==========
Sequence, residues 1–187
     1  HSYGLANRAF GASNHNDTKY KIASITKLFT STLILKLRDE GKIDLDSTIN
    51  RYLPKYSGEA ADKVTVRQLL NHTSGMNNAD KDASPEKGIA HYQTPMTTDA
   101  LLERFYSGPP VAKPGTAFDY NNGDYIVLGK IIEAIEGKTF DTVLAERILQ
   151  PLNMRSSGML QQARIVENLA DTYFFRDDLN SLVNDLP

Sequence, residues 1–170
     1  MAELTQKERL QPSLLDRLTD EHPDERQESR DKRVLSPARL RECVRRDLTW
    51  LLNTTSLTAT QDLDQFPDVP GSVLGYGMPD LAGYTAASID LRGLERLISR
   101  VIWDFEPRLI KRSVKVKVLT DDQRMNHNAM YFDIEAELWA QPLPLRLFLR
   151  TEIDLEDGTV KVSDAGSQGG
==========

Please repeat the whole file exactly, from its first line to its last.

Sequence, residues 1–187
     1  HSYGLANRAF GASNHNDTKY KIASITKLFT STLILKLRDE GKIDLDSTIN
    51  RYLPKYSGEA ADKVTVRQLL NHTSGMNNAD KDASPEKGIA HYQTPMTTDA
   101  LLERFYSGPP VAKPGTAFDY NNGDYIVLGK IIEAIEGKTF DTVLAERILQ
   151  PLNMRSSGML QQARIVENLA DTYFFRDDLN SLVNDLP

Sequence, residues 1–170
     1  MAELTQKERL QPSLLDRLTD EHPDERQESR DKRVLSPARL RECVRRDLTW
    51  LLNTTSLTAT QDLDQFPDVP GSVLGYGMPD LAGYTAASID LRGLERLISR
   101  VIWDFEPRLI KRSVKVKVLT DDQRMNHNAM YFDIEAELWA QPLPLRLFLR
   151  TEIDLEDGTV KVSDAGSQGG